The first ICE I used was a dedicated in-circuit emulator computer from Intel. I called this "the big blue box" type of ICE. The entire ICE was housed in a self-contained computer, which included a monitor and keyboard. The ICE plugged into the CPU socket, and targeted a 6-MHz 80286 motherboard. Execution breakpoints were detected by snooping code prefetches on the microprocessor data bus. When a code prefetch matched your specification, the ICE would halt. Then, you could examine or modify memory, CPU registers, memory, and I/O ports.
Later, Intel introduced the I2ICE, a departure from the dedicated ICE machine approach. Users needed to provide a host computer, which typically needed to be an 80286-class machine with some amount of expanded memory. (Yes, that's right...LIM-style expanded memory.) If your computer didn't have expanded memory, Intel would sell you an above-board unit to serve this purpose. The host computer attached to the I2ICE hardware via a standard serial connection -- communicating at the lightning speed of 9600 baud. The I2ICE hardware was in a box approximately 30×24×10 inches in size (if memory serves me correctly). The most noticeable attribute about the I2ICE was its noise -- the hardware had a fan on it that was very loud, making it hard to work in close proximity to this unit.
The I2ICE hardware had a limited set of changeable CPU modules. I recall having an 8086/8088, and an 80286 CPU module for our I2ICE. I also seem to recall that an 80186/80188 module was also available. Emanating from one end of the I2ICE hardware was a lead-shielded cable (the CPU umbilical cord), while at the other end was a small hardware module that plugged into the CPU socket. The real CPU laid on top of this small module (in close electrical proximity to the motherboard). Adapters were available to switch between CPU form factors -- for example PLCC and PGA versions of the 80286.
With the next evolutionary change, the huge (and loud) I2ICE hardware was gone. In its place was a small, streamlined box that measured approximately 15×12×2 inches. This ICE was commonly called the "hot-plate" or "boiler-plate" ICE because of its appearance. The host computer plugged into this small box, which in turn plugged into a small module that housed the CPU. Like the I2ICE, this ICE targeted multiple microprocessor environments. Modules were available for the 80286, and the newly released 16-MHz 80386.
About this time, Intel dabbled in UNIX-based ICEs. At one point, it shipped an ICE that was UNIX-software based. Instead of requiring a host computer, a VT-100 terminal was needed. Once the hardware booted UNIX, the ICE host autostarted itself. I'm only aware of an 80386 version of this ICE, though I wouldn't be surprised if other microprocessor targets were available. My most remarkable ICE story (the discovery of five or six undocumented opcodes) involved using this orphan ICE environment. This UNIX-based ICE disassembled all of the undocumented opcodes on the 80386 microprocessor. This inadvertent mistake gave me all of Intel's internal names for these undocumented opcodes. After I reverse-engineered the functions of these opcodes, I published my findings at http://www.x86.org/secrets/opcodes. This publication caused some concern within Intel's legal department that I had stolen this information. I was more than happy to tell their lawyer that my discovery was the result of Intel's sloppiness.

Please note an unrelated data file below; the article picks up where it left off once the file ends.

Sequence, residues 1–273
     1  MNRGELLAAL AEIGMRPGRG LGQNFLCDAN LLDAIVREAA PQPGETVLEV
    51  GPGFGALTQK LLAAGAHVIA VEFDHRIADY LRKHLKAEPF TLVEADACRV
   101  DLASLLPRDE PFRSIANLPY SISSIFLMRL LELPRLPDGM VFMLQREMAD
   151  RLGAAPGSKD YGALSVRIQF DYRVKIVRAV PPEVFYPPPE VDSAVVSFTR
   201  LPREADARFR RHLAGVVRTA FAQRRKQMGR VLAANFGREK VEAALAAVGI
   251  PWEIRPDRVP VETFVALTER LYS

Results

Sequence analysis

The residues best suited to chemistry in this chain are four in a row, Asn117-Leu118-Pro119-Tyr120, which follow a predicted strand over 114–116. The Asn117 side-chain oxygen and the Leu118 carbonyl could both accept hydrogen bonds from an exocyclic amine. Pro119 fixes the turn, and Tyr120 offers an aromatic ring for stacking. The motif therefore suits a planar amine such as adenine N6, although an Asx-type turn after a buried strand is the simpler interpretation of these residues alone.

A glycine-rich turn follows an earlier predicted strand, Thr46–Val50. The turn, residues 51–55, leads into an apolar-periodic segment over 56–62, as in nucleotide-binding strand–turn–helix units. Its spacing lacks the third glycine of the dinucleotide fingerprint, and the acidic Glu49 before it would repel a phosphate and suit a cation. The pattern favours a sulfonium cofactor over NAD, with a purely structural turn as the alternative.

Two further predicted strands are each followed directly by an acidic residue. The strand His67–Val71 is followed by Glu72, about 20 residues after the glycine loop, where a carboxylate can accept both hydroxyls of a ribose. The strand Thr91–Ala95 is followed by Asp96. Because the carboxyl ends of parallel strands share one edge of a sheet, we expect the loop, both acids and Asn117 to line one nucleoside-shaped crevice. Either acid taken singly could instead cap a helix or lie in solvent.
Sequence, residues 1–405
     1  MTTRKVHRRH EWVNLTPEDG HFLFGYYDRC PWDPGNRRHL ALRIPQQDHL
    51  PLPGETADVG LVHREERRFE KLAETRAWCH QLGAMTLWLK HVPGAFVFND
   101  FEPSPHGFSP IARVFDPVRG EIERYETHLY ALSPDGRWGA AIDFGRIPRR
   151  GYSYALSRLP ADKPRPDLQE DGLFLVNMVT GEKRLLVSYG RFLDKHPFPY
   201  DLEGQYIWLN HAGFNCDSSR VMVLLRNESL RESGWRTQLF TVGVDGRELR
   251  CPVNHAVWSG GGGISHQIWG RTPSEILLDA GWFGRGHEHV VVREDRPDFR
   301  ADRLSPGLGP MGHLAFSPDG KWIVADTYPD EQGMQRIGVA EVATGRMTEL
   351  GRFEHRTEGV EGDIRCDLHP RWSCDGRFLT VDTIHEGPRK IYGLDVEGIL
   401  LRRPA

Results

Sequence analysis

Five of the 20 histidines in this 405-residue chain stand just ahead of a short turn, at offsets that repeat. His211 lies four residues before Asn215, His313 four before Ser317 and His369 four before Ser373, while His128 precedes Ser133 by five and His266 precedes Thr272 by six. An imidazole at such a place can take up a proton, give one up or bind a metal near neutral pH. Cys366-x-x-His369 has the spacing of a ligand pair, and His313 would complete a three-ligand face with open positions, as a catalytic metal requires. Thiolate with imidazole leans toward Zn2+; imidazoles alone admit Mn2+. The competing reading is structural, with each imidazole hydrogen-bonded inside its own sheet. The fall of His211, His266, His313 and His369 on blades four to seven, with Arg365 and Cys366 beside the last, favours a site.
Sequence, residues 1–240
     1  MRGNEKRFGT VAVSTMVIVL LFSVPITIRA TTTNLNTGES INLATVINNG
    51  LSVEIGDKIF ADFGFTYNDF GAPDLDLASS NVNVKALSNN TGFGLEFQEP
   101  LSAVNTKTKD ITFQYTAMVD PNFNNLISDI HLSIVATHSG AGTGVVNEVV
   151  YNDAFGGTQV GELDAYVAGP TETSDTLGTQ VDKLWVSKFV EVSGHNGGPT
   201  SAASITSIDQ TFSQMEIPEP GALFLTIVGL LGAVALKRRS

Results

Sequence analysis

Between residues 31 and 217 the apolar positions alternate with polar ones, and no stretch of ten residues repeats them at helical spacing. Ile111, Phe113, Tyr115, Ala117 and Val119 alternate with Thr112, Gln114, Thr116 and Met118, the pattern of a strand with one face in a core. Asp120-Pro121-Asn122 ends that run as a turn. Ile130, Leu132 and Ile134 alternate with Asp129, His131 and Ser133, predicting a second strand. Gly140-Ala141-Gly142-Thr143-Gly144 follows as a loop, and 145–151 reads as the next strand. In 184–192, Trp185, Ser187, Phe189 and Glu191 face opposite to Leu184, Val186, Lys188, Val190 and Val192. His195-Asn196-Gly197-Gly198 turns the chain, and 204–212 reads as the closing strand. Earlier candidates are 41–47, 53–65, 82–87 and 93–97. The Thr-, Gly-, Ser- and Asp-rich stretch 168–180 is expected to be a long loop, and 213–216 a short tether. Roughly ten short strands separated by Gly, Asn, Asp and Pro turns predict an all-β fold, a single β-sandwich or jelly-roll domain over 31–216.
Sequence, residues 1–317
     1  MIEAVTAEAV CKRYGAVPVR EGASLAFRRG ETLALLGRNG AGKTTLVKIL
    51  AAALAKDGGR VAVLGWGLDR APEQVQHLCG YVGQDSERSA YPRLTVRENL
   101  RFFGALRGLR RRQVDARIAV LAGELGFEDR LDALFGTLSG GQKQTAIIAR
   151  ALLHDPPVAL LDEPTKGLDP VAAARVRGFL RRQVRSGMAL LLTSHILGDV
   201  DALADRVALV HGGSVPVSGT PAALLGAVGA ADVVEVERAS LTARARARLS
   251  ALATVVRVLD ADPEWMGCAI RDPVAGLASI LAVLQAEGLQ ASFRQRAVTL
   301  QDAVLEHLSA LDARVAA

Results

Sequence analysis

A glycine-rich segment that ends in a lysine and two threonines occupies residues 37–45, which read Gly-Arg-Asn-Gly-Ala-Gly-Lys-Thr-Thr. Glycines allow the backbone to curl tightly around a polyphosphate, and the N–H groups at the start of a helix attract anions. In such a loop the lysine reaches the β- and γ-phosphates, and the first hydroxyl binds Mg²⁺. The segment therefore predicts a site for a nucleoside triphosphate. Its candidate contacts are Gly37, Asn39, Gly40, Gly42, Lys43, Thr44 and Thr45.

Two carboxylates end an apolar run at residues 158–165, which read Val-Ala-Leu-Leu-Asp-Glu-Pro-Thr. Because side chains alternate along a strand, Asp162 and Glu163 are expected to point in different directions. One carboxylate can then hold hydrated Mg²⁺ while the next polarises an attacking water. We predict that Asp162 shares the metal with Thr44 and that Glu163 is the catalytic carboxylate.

As microprocessors got faster and faster, Intel was forced to keep redesigning its ICE hardware. The next evolutionary change occurred when Intel developed the "Cobra" ICE chassis. The Cobra chassis was small, measuring approximately 12×10×3 inches in size. It was quiet and designed to target multiple microprocessor environments. The Cobra chassis was a modular design and had boards that could plug in and out. When a new CPU was designed, you simply bought the two plug-in boards, and saved over $20,000 in hardware costs. The Cobra chassis supported the 80386 DX, 80386 SX, and initial offerings of the 80486 DX, 80486 SX, and 80487 SX. An optional high-resolution time-tag board could be purchased for an additional $1500. The time-tag board provided cycle-accurate time-stamp information to the ICE bus cycle traces. The option also required a math coprocessor (80387) be plugged into the host computer. With a whopping 38,000 baud communications link, the Cobra was also much faster at communicating with the host computer. This higher baud rate substantially helped transfer microprocessor traces from the Cobra chassis to the host computer.